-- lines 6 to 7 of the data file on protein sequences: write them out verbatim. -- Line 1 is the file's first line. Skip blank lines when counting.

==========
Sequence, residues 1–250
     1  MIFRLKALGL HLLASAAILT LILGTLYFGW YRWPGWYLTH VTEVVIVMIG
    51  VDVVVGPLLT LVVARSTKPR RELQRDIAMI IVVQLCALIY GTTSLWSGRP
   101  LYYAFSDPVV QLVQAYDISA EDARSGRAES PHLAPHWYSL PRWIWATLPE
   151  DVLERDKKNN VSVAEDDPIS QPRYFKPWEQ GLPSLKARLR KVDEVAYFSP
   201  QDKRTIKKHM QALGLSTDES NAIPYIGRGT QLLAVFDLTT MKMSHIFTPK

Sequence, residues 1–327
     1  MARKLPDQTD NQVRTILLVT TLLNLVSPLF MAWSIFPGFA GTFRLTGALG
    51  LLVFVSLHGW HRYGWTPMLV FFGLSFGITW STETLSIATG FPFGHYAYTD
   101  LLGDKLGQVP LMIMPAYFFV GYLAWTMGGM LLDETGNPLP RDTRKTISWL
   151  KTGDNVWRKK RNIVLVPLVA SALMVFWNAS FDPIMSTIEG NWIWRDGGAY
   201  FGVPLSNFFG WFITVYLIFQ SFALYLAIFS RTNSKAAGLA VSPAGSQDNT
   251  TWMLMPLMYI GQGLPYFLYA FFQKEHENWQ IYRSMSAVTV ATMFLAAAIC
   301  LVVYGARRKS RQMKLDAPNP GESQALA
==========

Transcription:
   201  QDKRTIKKHM QALGLSTDES NAIPYIGRGT QLLAVFDLTT MKMSHIFTPK

Sequence, residues 1–327